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Winnipeg Free Press – ONLINE EDITION
U.S. response to border-crossing kids inhumane
By: Randy Jurado Ertll, McClatchy-Tribune News Service
The Obama administration should stop deporting children. Unfortunately, it seems dead set on doing that.
On June 20, U.S. Vice President Joe Biden met in Guatemala with senior officials from that country, as well as from El Salvador and Honduras. More than 20,000 children from these nations were apprehended on the border last year, twice as many as the year before. This year, the United States is projecting that 90,000 children from these countries will try to cross the border.
Biden notified the Central American leaders that the United States would detain and deport the children who are coming here for refuge from the violence they see every day.
Gangs in these countries are specifically targeting and recruiting young children. If they choose not to join, then they are often murdered. So children are trying to get to the United States any way they can. The Border Patrol apprehends most of them, and holds them in detention centres. Some have been temporarily released to family members before the immigration service processes them and deports them.
The Obama administration has announced that it is now going to stop releasing children to family members. Instead, it plans to build more detention centres and expel children more quickly.
This is not a humane response.
If they are deported, many of these children will be recruited to join the gangs. Others will be tortured or murdered or disappeared.
UN High Commissioner for Refugees Antonio Guterres earlier this year declared that a majority of the children emigrating from El Salvador, Guatemala and Honduras deserve protection under international treaties. “We must uphold the human rights of the child,” he said.
But rather than offer these children temporary asylum, the Obama administration is locking them up and then sending them packing.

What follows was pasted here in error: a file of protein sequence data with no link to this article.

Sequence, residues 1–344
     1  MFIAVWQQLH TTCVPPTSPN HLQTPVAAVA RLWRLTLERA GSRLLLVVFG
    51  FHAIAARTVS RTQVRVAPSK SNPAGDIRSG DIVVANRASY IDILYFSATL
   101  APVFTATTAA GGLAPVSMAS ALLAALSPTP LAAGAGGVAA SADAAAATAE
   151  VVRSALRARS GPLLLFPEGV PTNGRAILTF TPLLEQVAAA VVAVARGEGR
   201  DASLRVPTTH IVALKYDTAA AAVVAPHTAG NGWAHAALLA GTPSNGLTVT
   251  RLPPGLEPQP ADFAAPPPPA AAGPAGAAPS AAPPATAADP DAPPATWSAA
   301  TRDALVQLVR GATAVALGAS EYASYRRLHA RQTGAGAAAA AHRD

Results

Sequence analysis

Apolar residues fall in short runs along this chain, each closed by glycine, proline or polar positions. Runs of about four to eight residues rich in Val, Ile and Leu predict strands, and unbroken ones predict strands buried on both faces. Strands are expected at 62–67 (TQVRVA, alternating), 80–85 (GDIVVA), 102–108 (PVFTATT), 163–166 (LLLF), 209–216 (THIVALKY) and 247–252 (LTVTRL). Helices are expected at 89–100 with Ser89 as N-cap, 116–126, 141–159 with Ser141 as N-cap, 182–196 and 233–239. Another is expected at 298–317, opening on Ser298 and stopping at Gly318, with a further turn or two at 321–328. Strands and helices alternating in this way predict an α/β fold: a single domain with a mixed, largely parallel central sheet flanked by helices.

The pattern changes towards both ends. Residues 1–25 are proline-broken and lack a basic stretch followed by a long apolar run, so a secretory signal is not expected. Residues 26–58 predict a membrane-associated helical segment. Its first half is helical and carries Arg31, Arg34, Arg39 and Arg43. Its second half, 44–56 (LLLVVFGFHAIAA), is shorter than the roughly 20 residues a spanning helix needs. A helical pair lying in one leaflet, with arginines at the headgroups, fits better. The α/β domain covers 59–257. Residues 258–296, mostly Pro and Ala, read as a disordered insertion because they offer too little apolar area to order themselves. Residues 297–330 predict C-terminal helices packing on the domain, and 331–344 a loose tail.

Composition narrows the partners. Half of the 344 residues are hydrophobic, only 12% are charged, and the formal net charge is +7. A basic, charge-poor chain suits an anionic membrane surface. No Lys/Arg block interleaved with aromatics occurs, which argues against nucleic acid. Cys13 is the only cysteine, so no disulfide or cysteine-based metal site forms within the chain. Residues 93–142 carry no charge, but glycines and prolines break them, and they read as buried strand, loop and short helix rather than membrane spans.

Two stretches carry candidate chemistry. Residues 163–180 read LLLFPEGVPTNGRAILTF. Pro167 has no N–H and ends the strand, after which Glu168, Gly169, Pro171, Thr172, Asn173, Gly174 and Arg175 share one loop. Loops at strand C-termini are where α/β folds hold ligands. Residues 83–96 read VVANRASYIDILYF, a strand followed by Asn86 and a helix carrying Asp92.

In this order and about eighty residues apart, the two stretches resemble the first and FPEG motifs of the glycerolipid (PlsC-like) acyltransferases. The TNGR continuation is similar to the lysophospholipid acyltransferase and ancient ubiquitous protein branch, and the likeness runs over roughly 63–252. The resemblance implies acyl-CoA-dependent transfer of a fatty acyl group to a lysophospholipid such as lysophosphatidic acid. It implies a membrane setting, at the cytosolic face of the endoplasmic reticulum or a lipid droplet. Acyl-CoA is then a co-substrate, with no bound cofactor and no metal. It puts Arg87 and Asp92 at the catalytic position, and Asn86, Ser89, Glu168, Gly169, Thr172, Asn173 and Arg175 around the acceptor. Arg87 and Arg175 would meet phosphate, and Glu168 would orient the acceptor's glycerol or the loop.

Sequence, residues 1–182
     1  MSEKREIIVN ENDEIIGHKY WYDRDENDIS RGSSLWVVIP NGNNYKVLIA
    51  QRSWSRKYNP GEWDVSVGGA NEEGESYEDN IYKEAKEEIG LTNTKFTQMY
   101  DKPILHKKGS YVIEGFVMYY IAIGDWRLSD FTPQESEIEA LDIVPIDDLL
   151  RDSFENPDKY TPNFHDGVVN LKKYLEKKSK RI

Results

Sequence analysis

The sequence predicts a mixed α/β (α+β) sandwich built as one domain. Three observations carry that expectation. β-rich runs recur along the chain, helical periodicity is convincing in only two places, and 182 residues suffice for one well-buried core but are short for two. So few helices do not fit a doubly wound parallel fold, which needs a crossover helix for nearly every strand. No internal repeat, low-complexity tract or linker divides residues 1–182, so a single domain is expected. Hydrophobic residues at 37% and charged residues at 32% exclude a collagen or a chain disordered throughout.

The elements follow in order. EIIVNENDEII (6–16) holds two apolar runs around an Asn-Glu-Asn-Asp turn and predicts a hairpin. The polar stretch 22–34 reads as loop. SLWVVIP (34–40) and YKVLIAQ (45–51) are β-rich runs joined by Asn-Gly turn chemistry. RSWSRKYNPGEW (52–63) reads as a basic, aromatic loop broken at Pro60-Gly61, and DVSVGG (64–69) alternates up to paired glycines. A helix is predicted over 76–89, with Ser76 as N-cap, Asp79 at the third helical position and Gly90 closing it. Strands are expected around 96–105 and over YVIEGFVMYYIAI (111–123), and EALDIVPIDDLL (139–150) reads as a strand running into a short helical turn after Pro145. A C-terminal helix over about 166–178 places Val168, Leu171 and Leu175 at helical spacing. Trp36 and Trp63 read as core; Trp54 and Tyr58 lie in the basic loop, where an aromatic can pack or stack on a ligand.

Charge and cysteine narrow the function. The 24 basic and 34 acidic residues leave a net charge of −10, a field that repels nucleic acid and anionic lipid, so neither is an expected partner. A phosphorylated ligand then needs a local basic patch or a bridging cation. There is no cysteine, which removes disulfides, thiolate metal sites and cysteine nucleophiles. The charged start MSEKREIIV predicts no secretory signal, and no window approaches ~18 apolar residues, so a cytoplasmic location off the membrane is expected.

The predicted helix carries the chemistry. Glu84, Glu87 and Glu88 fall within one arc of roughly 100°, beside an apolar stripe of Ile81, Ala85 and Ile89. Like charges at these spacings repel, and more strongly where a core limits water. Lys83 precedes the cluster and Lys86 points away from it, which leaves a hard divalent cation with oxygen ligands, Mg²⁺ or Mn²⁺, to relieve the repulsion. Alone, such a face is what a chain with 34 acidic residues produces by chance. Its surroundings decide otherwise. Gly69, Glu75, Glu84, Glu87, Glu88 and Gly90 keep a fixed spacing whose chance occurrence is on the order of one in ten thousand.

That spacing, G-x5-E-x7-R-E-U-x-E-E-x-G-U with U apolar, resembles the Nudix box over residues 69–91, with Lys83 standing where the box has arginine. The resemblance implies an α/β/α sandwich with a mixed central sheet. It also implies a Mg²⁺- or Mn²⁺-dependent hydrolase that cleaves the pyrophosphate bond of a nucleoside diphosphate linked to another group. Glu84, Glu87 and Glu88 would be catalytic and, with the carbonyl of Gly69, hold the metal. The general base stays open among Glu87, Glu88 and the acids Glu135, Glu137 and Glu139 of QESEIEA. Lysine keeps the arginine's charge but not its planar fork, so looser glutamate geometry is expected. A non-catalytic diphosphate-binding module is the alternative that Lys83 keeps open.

Biden was blunt during his Central American visit.
“Those who are pondering risking their lives to reach the United States should be aware of what awaits them,” he said. “It will not be open arms. … We’re going to send the vast majority of you back.” That is unacceptable. We need to designate most of these children as refugees and treat them with the compassion they deserve.
World Refugee Day was on June 20, but President Obama chose not to mention the Central American children who deserve such status.
He did acknowledge that “some refugees simply cannot return home because the risk of violence and persecution is too great.” He needs to apply that reasoning to the tens of thousands of children fleeing violence in Central America. Then he needs to change his policy accordingly.
Let us not forget our humanity.
Randy Jurado Ertll is the author of the recent book Hope in Times of Darkness: A Salvadoran American Experience.
Randy Jurado Ertll will be discussing & signing his books on Thursday, May 8, 2014 at 6:00 p.m.
126 N. Larchmont Blvd.
Los Angeles, CA 90004
Please RSVP by e-mailing me at RANDYERTLL@YAHOO.COM
An inspiration…[and] testament to the power of an individual to overcome obstacles and make a difference.
- Rampa R. Hormel, environmentalist and president of Enlyst Fund
The book speaks to a hope for a different world and finds even in the most dispiriting of experiences the seeds of change and social justice. This should be required reading…